Ernst van der Stok, Frans Scholten
Papers # 2016 Berlin
Samples machined directly from pipe show that orientation has a large influence on the strain hardening modulus. No effects arising as a result of residual stresses were found. Samples machined in the axial direction from a hydrostatic pressurised pipe showed no effect as a result of this mechanical degradation. For now, also no clear effect on the is observable for samples machined in tangential direction, but more research is needed to confirm this.
The strain hardening test (SHT), carried out in accordance with ISO 18488, is a very quick and reliable test to determine the disentanglement capacity of the tie molecules in polyethylene (PE). The resulting strain hardening modulus () is an intrinsic property related to the slow crack growth (SCG) resistance. The power of this simple tensile test is especially obvious when testing PE 100RC material, which has an extremely high SCG resistance and makes laying pipes without a sand bed possible.
Previous studies have shown that the SHT on re-melted samples is a resin test and gives no information about the residual quality of the pipe. In this study, test samples were machined directly from PE pipe to circumvent re-melting. Two effects were taken into account, namely orientation and residual stresses. The PE molecules in a pipe are oriented as a result of the extrusion process. The machining direction of the test bars may therefore influence the results. Samples were machined in the axial, tangential (parallel to the pipe circumference), and radial (from the inner wall to the outer wall) pipe direction. Uneven cooling of the extruded PE pipe results in residual stresses. Test bars machined axially from the outer wall, the wall centre and the inner wall were also tested.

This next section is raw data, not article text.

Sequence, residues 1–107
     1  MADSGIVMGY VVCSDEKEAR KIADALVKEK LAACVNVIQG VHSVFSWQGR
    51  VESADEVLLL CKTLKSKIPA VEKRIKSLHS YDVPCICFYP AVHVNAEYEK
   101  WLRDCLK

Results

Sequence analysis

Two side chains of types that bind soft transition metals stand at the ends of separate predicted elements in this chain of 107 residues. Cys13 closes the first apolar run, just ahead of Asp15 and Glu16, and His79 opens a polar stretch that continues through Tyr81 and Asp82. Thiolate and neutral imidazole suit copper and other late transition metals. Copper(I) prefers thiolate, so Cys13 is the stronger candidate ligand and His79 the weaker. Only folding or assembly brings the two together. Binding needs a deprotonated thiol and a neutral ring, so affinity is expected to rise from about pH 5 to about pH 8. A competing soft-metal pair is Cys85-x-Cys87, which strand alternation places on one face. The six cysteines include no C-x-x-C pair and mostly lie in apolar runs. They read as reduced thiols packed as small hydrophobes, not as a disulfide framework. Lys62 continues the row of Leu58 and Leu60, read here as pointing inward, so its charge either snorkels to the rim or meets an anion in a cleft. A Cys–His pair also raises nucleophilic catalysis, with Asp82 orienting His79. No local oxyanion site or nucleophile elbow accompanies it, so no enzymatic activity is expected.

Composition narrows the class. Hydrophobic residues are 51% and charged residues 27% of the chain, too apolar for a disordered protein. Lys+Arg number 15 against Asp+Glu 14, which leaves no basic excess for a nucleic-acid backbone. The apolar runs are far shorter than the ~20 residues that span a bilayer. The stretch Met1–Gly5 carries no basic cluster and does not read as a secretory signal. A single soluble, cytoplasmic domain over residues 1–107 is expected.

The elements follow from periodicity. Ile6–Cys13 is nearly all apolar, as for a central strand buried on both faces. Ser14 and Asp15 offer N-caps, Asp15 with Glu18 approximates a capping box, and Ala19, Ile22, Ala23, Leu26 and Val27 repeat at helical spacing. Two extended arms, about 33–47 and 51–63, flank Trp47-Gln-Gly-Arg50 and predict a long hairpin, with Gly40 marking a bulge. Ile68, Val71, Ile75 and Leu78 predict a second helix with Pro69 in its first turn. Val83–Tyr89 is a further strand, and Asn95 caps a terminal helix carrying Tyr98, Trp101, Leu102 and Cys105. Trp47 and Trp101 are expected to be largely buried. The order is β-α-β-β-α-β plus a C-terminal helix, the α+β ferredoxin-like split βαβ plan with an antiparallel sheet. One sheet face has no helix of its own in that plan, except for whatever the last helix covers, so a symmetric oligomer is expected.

Orientation appears to be of great influence. The axial and tangential samples had a higher , while the radial samples had a lower than re-melted samples. In the axial and tangential machining directions, there was almost no difference in between the locations in the wall described above. This indicates that residual stresses do not influence the .
This knowledge was used to evaluate the residual quality of old first-generation PE pipes, which had been additionally mechanically degraded using hydrostatic pressure. The results for samples machined directly from pipe were compared with re-melted samples and with the results from the Pennsylvanian Notch Test (PENT).
Samples machined in the axial direction from the hydrostatic pressurised pipe showed no effect on the as a result of this mechanical degradation. More research using pipes with longer hydrostatic loading times is needed to obtain better trend with samples machined in tangential direction. For now, no clear effect on the is observable for the samples machined in this direction. More research is also needed to explain why the axial samples had a higher than the samples prepared from granulate, while the tangential samples sometimes had a higher and sometimes a lower .